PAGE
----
She was my shepherd
I woke up at 4 a.m. yesterday awash in grief.
On Sunday night we discovered that our 10-year-old German Shepherd, The Lord (Named thusly because “The Lord is my shepherd”), could no longer walk. She had been having mobility issues for months, ostensibly due to arthritis and a torn meniscus in her left rear leg, but she had been able to get around, if slowly. This was different, though, and we rushed her to the emergency vet. Several hours later the vet let us know that there was more going on than simply arthritis and an injury. Our girl was very ill and in a great deal of pain. We decided to let her go.
Yesterday morning, my grief jolted me awake. The tears would not stop so I got up and sat in the dark of the living room, allowing the release of my own pain. I mourned the loss of my dear companion, who frightened many with her massive size and baritone bark. To those who knew her, though, she was a sweet marshmallow who enjoyed chest scritches, tummy rubs and car rides.
I had hoped that The Lord would make it through the holidays. This season is a tough time for so many people who have lost loved ones — both human and animal — around this time. The joy and festivities of the season seem hollow without the presence of those we love. My own joy has been dampened by the loss of my sweet girl.
The only solace I can find at this time is the knowledge that The Lord will always be with me. I truly believe that animals are part of the Oneness of God, just as we are. Their consciousness is part of the corporate Holy consciousness that we all share, and as such, they remain with us in spirit, even as they depart the world of bodies.
I will still miss her gentle kisses and forever miss the chance to once again feel her soft fur against my cheek or her comforting presence by my side. The light of consciousness that is her, however, remains with me. This is the promise of Christmas, according to A Course in Miracles.
“The sign of Christmas is a star,” A Course says in Chapter 15, “a light in darkness. See it not outside yourself, but shining in the Heaven within, and accept it as the sign the time of Christ has come.”
The Lord was part of that light of Love that shines within me. Our animals bring us the pure Love of God and teach us how to love unconditionally and purely. I certainly hope I did right by her and returned that Love purely and unconditionally. Letting her go to her final rest felt like a huge sacrifice for me, depriving me of her soft, beautiful, furry body, but as A Course reminds me, the Christ demands no sacrifice of any kind from us. Letting The Lord rest in peace, without pain, was the best gift I could give her, even if I selfishly wanted her to remain in this realm of bodies.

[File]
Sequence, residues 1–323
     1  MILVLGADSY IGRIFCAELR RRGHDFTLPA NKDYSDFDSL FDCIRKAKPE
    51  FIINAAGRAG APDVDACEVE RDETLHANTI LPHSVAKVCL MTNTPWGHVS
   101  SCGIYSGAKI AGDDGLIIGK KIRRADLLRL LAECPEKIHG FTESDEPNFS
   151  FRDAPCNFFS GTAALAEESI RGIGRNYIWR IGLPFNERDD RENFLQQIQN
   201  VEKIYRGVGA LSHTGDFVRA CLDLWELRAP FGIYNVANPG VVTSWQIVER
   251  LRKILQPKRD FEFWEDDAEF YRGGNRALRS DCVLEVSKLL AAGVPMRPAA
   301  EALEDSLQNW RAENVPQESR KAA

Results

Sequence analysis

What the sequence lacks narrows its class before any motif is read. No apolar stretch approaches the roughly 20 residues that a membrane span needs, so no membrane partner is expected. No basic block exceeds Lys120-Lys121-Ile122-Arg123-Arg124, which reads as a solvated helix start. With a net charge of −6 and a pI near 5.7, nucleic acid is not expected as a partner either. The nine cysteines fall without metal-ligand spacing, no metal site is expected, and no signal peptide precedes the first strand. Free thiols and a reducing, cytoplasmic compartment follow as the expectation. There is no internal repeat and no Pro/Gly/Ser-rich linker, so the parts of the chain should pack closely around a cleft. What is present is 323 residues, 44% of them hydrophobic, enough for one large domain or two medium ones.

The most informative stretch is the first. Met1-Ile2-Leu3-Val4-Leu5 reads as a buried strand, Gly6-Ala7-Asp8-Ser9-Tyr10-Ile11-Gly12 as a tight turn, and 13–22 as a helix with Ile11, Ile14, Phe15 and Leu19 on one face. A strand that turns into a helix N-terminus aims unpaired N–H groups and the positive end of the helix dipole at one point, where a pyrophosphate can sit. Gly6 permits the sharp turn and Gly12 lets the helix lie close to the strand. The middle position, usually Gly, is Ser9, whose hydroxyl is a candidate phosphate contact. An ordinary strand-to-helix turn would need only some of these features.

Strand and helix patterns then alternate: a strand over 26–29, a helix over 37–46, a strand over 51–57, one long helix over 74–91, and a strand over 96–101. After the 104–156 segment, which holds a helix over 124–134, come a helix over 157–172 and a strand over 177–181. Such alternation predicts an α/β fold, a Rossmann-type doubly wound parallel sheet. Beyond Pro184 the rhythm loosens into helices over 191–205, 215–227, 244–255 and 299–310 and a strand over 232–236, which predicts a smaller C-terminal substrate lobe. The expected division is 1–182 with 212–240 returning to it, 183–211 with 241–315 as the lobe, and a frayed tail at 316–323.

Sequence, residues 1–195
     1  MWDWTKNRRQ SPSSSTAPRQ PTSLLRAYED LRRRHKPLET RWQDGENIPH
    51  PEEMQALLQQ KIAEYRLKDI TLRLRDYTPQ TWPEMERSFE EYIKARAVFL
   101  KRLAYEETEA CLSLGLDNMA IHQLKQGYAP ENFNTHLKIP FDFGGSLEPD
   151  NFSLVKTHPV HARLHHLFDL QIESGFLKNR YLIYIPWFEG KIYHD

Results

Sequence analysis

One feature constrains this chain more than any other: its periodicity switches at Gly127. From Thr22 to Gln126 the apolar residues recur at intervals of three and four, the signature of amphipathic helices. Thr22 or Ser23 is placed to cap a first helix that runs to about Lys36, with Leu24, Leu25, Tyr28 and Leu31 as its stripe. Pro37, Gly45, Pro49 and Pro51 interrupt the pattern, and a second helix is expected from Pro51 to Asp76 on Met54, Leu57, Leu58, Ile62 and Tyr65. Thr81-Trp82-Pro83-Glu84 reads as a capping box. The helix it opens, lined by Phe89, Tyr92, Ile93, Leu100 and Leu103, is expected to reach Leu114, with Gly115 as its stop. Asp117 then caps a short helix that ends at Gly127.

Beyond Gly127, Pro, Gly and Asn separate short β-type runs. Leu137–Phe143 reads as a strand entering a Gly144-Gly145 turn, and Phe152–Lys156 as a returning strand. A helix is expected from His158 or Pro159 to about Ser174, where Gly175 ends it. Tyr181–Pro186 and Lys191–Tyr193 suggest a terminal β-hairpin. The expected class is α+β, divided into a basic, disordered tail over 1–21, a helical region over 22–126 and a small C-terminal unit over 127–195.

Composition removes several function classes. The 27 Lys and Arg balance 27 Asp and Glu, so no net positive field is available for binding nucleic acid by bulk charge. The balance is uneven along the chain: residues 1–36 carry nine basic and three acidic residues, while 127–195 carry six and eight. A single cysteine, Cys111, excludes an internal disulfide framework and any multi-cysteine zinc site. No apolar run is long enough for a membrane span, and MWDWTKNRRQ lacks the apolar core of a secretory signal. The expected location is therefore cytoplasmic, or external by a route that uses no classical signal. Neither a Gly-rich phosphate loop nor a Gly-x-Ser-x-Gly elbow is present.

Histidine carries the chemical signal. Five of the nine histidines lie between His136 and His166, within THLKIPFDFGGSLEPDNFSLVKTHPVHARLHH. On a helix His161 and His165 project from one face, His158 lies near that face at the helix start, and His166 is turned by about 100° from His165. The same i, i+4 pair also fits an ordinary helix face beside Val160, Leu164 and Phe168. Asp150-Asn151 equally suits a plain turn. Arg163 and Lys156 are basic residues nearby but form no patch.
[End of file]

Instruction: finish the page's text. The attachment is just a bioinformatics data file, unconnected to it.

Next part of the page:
What I must do now is relinquish my own pain and anguish and allow it to be healed by the Holy. This too, is a gift that I have to give, because in the healing of my own pain comes the healing of the world. When our pain is given over to the Christ within us, it will disappear, A Course says, “and without pain there can be no sacrifice. And without sacrifice, there love must be.”
What feelings of pain and sacrifice are you holding onto during this holiday season? What grief or sense of guilt have you not yet been able to release? I invite you to bring that pain to the Holy within you and offer it up as a gift for healing.
Often, we like to keep our pain close, because we think releasing it means we will forget about the deep love we shared with the one, or ones, that we are grieving over. It feels like a sacrifice to release our pain, because it has become a source of comfort. That pain, though, is keeping you from unconditionally loving the ones you miss in this moment. I fully believe The Lord would not want me to find comfort in the pain of her loss, but in the remembrance of the vibrant life we shared together.
“Let no despair darken the joy of Christmas,” A Course says, “for the time of Christ is meaningless apart from joy. Let us join in celebrating peace by demanding no sacrifice of anyone, for so you offer me the love I offer you. What can be more joyous than to perceive we are deprived of nothing?”
I invite you to release any pain that keeps you from experiencing true joy this holiday season. Releasing that grief and allowing it to be healed is the best gift you can give to the Holy, to yourself and to the world.
Whosoever founder and Editor Emeritus Rev. Candace Chellew (she/her) is the author of Bulletproof Faith: A Spiritual Survival Guide for Gay and Lesbian Christians. She earned her masters of theological studies at Emory University’s Candler School of Theology, was ordained by Gentle Spirit Christian Church in December 2003, and trained as a spiritual director through the Omega Point program of the Episcopal Diocese of Atlanta. She serves as the spiritual director of Jubilee! Circle in Columbia, S.C., and blogs at Motley Mystic.